Pat’s story:

“When my sons, Chris and Pat were diagnosed with DMD, at the ages of 4 and 6, there was nothing available for them. Doctors cared about them but they didn’t have the tools they needed, or the National Institutes of Health the money it needed to do research.

Doctors were faced with diagnosing a disease and saying “there’s nothing we can do”. And then parents like me, coming to them hearing there was nothing they could do, no hope, no help. When your son is diagnosed with something like this you are told go home and love them.

When I asked questions, I was often ignored or dismissed by some doctors.

When my sons were diagnosed with DMD I would drop them off at school and go walking and that would help me deal with the anger.

For me staying in this is to be able to say to Chris and Pat in the universe, when you were here I tried my very best and when you were gone I continued to try my best so that others would have advantages that you didn’t receive.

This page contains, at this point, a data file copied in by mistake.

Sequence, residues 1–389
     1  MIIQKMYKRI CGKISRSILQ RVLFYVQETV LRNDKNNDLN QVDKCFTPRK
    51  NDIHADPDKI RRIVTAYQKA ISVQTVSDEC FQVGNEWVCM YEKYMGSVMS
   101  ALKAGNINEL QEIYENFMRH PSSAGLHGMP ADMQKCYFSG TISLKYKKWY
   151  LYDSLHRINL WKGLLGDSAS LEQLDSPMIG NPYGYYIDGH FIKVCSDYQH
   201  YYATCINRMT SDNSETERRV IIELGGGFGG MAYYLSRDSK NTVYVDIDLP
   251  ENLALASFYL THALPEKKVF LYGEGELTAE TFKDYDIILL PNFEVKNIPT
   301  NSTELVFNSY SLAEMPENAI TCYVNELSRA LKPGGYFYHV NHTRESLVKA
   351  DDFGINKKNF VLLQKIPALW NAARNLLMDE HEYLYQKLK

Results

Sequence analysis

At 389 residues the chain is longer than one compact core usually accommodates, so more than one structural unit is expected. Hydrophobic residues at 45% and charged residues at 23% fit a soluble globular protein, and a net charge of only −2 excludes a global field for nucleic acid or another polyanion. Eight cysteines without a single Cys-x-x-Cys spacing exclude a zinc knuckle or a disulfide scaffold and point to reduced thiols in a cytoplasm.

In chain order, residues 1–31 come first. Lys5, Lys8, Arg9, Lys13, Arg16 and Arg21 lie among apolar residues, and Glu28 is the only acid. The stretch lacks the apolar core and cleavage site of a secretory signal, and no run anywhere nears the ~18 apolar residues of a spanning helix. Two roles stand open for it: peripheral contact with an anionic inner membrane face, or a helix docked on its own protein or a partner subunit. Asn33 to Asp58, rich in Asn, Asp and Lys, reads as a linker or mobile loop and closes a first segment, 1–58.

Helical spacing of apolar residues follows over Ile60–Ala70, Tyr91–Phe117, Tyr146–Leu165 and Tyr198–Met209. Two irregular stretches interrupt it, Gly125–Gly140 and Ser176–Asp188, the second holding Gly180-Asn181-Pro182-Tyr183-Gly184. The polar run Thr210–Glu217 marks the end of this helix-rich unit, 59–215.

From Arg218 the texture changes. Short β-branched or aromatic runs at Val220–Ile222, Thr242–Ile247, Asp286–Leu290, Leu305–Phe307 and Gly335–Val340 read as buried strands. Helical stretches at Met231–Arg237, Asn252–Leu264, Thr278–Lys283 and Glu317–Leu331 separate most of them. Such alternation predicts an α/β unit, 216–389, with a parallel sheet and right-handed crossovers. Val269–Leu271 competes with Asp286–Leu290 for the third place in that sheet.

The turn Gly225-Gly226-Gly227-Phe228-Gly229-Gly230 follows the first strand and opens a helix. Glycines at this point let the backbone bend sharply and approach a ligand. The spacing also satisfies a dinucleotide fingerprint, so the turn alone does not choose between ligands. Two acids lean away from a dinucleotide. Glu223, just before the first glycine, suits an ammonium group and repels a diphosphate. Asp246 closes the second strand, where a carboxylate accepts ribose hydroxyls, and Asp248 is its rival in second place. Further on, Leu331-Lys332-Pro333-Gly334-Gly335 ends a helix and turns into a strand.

I haven’t stood back and said I can’t go on.

The family is all scarred, we all suffered this loss. It’s much more apparent when we are together, there are empty chairs, emptiness. If we go to a family gathering we wish Chris and Pat were here, could be married. Now there’s my husband and our two daughters. We have a granddaughter, who is wonderful, but still we are incomplete and we will live with that forever.

I am trained as a nurse and I find DMD equal parts fascinating disease, heartbreaking and painful. I try to emphasize the fascinating so I can keep going. There are frustrations; lack of money, the slow process of regulatory approval, but I have an incredible team of very smart people and we are passionate about change so that helps keep us going.

Your only interest can’t be DMD, it can’t be. For me it’s certainly a priority, but it’s not my only interest. I love to go to an art museum and see how creative people work. I love Cirque du Soleil because they do things with their muscles I can’t imagine. Going outside and seeing these things makes the world better.